Click here to buy pictures of the NYC Pride March in Manhattan 2018.

High court judges in Botswana ruled that laws criminalizing same-sex relations are unconstitutional and should be struck down. Homosexuality is illegal in most countries in the African continent. In some countries, LGBTQ+ people face life imprisonment or the death penalty. LGBTQ+ people in many countries face persecution, forcing them into hiding.

“Human dignity is harmed when minority groups are marginalized. Sexual orientation is not a fashion statement. It is an important attribute of one’s personality. A democratic nation is one that embraces tolerance, diversity, and open-mindedness … societal inclusion is central to ending poverty and fostering shared prosperity … The state cannot be a sheriff in people’s bedrooms.” _Justice Michael Leburu

“This is a historic ruling for lesbian, gay, bisexual and transgender people in Botswana. It restores privacy, respect and dignity to the country’s LGBT people, and it is a day to celebrate pride, compassion and love.”_Gunilla Carlsson, executive director of UNAids.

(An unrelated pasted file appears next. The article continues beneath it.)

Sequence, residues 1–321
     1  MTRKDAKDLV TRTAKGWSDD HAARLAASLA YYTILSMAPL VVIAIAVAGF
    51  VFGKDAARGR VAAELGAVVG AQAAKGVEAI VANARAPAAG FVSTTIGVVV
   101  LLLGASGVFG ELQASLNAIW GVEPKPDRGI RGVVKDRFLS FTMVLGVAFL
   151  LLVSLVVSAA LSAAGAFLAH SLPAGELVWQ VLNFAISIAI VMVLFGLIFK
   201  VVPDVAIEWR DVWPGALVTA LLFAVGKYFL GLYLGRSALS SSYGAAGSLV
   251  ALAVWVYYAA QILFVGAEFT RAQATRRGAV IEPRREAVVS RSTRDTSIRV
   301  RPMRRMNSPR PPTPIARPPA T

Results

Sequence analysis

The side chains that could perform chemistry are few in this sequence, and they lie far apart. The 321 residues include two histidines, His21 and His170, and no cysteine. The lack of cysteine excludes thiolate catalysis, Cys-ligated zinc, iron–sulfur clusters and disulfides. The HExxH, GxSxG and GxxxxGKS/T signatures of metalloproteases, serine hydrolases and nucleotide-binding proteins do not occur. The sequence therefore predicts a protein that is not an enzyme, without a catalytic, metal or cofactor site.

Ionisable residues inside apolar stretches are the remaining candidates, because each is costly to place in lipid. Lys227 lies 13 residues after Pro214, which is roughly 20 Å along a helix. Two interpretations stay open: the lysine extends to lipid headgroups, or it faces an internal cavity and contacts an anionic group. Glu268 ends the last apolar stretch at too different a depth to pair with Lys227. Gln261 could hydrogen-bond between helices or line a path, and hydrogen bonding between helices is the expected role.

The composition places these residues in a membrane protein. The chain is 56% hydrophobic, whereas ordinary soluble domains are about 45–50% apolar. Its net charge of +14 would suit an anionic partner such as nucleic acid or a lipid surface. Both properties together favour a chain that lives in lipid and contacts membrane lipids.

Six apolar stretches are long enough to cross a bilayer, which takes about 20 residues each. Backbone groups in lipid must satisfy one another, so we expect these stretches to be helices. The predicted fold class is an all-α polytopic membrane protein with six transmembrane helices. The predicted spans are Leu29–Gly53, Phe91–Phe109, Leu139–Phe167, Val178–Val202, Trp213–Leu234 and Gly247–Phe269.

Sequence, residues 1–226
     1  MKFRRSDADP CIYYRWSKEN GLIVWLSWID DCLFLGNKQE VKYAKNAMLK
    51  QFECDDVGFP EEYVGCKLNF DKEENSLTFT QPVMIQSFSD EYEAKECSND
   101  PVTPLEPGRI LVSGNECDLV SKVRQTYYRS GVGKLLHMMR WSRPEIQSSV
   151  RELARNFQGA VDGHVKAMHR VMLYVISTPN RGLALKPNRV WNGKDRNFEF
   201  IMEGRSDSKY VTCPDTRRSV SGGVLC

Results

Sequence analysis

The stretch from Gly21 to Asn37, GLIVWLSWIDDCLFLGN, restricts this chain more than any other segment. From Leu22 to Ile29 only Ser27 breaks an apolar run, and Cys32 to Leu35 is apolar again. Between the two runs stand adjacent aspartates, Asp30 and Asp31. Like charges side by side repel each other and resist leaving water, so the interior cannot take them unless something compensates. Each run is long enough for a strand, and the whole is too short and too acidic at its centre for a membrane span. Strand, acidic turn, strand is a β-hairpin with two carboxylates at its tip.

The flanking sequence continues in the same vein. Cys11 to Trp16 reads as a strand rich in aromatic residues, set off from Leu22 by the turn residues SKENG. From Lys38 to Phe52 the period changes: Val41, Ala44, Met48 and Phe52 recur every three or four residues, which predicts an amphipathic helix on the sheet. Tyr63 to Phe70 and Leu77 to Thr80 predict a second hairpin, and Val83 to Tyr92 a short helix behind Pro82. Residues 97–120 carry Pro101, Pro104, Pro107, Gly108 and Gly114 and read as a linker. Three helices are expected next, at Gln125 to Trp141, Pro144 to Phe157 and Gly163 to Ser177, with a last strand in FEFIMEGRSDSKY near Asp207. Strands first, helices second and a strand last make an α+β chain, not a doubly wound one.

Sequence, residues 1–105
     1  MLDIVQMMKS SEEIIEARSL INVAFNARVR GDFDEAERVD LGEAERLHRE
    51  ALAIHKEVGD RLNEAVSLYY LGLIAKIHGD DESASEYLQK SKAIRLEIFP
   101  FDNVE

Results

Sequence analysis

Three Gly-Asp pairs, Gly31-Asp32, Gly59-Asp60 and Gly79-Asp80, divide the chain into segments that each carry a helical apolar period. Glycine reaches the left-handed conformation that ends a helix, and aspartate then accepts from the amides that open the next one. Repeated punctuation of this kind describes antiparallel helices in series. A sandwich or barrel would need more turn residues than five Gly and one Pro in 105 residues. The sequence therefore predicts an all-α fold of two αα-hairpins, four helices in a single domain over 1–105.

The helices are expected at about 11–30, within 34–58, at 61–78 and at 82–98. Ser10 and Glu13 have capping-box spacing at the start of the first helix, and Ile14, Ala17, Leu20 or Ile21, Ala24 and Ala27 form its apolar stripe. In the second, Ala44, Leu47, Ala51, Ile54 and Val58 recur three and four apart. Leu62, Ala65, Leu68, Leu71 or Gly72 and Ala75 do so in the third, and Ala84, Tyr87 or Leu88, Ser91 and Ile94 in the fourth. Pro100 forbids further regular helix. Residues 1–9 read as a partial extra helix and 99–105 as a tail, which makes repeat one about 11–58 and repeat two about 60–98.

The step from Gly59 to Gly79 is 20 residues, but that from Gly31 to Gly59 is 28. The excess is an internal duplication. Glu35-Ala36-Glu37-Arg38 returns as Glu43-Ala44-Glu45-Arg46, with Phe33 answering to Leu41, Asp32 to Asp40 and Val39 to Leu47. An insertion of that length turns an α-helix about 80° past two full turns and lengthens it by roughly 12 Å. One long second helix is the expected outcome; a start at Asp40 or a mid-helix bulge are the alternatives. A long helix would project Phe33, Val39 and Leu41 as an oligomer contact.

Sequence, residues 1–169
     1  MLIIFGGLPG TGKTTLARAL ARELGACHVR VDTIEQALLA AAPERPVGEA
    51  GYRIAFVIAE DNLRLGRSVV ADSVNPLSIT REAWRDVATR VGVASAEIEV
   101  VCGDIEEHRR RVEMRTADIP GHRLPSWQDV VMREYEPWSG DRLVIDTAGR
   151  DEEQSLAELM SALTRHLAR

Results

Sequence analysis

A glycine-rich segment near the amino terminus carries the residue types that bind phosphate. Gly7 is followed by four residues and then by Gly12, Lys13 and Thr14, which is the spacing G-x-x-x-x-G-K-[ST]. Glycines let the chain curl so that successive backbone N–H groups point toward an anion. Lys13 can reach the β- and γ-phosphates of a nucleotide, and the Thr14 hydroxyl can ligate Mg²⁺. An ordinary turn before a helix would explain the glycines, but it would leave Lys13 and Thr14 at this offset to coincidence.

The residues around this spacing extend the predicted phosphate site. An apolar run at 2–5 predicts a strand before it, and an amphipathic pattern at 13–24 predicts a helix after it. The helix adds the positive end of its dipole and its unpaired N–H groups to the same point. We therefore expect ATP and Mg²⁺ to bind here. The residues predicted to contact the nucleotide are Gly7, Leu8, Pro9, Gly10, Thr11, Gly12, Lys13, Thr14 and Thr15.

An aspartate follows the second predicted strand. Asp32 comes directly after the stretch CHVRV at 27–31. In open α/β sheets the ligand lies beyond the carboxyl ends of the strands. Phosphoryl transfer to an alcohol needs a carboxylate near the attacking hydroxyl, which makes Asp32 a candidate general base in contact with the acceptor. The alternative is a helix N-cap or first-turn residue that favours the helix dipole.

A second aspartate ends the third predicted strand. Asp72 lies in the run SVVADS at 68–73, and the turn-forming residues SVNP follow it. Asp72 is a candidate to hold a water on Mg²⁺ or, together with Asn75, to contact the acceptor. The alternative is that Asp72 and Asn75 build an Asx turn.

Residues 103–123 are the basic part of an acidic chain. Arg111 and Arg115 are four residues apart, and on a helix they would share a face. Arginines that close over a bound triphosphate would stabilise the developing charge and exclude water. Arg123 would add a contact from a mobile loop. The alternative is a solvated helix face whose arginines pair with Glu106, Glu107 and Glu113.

Click here to buy editorial / personal pictures of the Brooklyn Pride Parade/March 2019.

Saturday, June 8th, 2019. Brooklyn, New York City - Man wearing a beautiful costume at the Brooklyn Pride Parade/March. This year, Brooklyn celebrated the 23rd Annual Brooklyn Pride Parade/March. Brooklyn Pride was ranked within the top 10 of the 20 best places in the US to celebrate pride by matadornetwork.com. This year is the 50th anniversary of the Stonewall revolution. Photo by LoveIsAmor.com
Saturday, June 8th, 2019. Brooklyn, New York City – Man wearing a beautiful costume at the Brooklyn Pride Parade/March. This year, Brooklyn celebrated the 23rd Annual Brooklyn Pride Parade/March. Brooklyn Pride was ranked within the top 10 of the 20 best places in the US to celebrate pride by matadornetwork.com. This year is the 50th anniversary of the Stonewall revolution. Photo by LoveIsAmor.com

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Brooklyn Pride Parade/March 2019.

UPDATED ON 6/23/2019.
The 1 Bronx World Pride Rally, March and Festival was today.
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Sunday, June 9th, 2019. New York City – On Saturday, June 8th, 2019, Brooklyn celebrated the 23rd Annual Brooklyn Pride Parade/March.